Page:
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Alpha and Beta of stocks

Every investment involves two important aspects – returns and risk. And every investor wants to get the maximum returns with minimum riskAlpha and beta parameters of the stock portfolio  are used to describe the two main risks inherent in investing in stocks. Alpha relates to factors affecting the performance of an individual stock or the fund manager’s skill in selecting the stocks while beta relates to market risks.

Alpha:

Alpha is the risk-adjusted return on an investment.  It is the return in excess of the compensation for the risk borne, and thus commonly used to measure the performance of fund manager in managing the fund portfolio. So usually an investor’s strategy should be to buy securities with positive alpha as these may be undervalued.

The alpha coefficient (αi) is a parameter in the capital asset pricing model (CAPM). It is the intercept of the security characteristic line (SCL), that is, the coefficient of the constant in a market modelregression.

\mathrm{SCL} : R_{i,t} - R_{f} = \alpha_i + \beta_i\,  ( R_{M,t} - R_{f} ) + \epsilon_{i,t} \frac{}{}

It can be shown that in an efficient market, the expected value of the alpha coefficient is zero. Therefore the alpha coefficient indicates how an investment has performed after accounting for the risk it involved:

  • αi < 0: the investment has earned too little for its risk (or, was too risky for the return)
  • αi = 0: the investment has earned a return adequate for the risk taken
  • αi > 0: the investment has a return in excess of the reward for the assumed risk

For instance, although a return of 20% may appear good, the investment can still have a negative alpha if it’s involved in an excessively risky position.

For efficient markets, the expected value of the alpha is zero. i.e α = 0 and the investment has earned a return adequate for the risk taken. Fund managers are rated according to how much alpha their fund generates. It is thus a measure of the fund manager’s ability to generate profits in excess of market returns. Fund managers are usually paid in accordance to how much alpha their fund generates. Higher the alpha, the higher is their fees.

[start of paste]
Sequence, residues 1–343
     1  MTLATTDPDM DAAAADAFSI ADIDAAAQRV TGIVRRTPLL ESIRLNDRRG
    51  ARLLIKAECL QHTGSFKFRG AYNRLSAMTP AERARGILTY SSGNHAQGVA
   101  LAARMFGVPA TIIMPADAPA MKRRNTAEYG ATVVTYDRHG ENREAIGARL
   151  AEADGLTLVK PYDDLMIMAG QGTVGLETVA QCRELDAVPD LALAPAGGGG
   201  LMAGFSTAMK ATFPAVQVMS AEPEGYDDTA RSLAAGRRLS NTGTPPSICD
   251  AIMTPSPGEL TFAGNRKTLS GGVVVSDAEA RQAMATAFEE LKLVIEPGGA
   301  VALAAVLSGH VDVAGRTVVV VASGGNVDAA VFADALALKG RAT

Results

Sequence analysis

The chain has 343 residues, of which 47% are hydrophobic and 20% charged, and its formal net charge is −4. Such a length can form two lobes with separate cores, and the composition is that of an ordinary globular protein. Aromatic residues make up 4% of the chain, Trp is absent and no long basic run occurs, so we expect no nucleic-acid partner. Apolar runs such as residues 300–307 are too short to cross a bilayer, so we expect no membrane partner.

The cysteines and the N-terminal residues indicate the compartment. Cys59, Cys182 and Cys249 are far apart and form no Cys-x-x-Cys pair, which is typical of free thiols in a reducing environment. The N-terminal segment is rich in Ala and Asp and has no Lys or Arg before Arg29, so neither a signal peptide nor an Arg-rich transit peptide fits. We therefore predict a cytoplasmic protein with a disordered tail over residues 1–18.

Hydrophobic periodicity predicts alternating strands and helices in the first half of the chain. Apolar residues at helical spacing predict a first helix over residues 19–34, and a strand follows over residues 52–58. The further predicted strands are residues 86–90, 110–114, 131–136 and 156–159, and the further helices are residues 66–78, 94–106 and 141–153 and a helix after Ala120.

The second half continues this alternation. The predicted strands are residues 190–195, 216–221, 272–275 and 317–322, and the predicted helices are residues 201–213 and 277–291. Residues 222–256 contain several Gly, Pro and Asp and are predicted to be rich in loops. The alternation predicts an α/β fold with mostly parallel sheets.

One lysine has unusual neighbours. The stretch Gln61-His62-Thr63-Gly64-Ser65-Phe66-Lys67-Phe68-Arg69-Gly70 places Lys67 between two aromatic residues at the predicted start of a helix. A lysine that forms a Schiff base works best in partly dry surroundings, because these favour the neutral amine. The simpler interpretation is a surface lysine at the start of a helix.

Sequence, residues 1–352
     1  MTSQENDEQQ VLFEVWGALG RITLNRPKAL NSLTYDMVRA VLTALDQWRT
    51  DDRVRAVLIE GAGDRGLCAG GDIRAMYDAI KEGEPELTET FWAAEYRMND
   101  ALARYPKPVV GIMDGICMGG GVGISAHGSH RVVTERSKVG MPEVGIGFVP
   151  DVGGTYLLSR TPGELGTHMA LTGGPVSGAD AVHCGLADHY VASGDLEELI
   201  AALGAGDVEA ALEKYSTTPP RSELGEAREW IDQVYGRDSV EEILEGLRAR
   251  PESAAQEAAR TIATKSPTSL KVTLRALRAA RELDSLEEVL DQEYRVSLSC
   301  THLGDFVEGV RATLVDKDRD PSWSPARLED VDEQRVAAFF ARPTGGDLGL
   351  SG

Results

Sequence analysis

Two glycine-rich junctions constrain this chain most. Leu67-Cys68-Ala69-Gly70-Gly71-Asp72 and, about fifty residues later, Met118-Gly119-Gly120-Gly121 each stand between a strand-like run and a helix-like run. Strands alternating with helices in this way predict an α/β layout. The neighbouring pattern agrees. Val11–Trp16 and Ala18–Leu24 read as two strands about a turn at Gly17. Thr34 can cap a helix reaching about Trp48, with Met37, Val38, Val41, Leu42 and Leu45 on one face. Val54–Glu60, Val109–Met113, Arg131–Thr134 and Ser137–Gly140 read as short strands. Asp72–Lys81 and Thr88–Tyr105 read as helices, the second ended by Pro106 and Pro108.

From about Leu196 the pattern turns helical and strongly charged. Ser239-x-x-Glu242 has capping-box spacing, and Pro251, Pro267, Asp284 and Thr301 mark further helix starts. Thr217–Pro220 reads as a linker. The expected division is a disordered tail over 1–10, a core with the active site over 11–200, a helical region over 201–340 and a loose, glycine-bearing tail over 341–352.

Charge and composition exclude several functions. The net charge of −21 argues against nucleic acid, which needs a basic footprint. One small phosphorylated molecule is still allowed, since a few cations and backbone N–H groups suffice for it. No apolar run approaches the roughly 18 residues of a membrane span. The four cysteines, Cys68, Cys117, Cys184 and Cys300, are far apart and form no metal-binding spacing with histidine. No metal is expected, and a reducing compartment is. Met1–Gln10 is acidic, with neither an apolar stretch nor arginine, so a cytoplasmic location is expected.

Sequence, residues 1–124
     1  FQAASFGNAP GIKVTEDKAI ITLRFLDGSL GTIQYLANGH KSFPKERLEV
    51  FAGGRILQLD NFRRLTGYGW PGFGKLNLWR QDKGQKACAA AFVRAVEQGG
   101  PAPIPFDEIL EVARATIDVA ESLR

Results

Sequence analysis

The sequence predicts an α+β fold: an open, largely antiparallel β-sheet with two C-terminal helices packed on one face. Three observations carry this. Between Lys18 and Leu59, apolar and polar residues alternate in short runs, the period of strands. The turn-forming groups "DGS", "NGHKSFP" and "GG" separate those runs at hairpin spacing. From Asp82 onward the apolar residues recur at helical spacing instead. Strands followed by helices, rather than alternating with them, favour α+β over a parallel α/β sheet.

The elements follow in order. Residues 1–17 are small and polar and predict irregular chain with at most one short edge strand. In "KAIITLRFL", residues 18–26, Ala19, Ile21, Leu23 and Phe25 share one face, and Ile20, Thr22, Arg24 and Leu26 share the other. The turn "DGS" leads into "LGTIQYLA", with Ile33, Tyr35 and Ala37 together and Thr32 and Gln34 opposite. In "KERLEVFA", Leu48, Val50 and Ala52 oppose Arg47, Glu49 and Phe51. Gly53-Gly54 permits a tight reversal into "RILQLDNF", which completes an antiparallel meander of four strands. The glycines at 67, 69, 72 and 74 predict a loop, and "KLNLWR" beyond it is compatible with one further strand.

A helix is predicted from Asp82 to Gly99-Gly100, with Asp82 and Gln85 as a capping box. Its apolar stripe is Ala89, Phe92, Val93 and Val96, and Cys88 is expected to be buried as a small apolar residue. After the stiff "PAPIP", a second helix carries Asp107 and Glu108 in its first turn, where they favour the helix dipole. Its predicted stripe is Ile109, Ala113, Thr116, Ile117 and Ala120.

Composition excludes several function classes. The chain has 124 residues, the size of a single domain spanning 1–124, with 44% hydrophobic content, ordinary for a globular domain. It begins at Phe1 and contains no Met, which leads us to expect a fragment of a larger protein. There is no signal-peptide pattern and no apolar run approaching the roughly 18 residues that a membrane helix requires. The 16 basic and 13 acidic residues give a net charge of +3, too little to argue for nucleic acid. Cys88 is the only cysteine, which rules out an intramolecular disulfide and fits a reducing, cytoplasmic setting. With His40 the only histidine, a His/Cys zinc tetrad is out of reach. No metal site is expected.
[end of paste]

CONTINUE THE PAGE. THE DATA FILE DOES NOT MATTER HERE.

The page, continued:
Beta:

Beta is a measure of a volatility of a stock and expresses the relation of movement of stock with the movement of market as a whole. The S & P 500 Index is assigned a Beta of 1. So a stock can have positive or negative value of beta.

If Beta = 1; that means security’s price will move in sync with the market.

If Beta is positive; that means stock moves more than the market and is more volatile.

If Beta is negative; that means stock moves less than the market and is less volatile.

High-beta stocks are generally riskier being more volatile but provide a potential for higher returns as these are in the early stages of growth. On other side low-beta stocks pose less risk and hence lower returns. Usually utilities stocks have a beta of less than 1 while high-tech stocks have a beta of greater than 1.

Having gone through the fundamentals of alpha and beta; it can be inferred that low beta and high alpha stocks are good. But blindly following this concept is not desirable because these parameters are calculated based on historical data and history is never the indicator of future performance of a stock portfolio.

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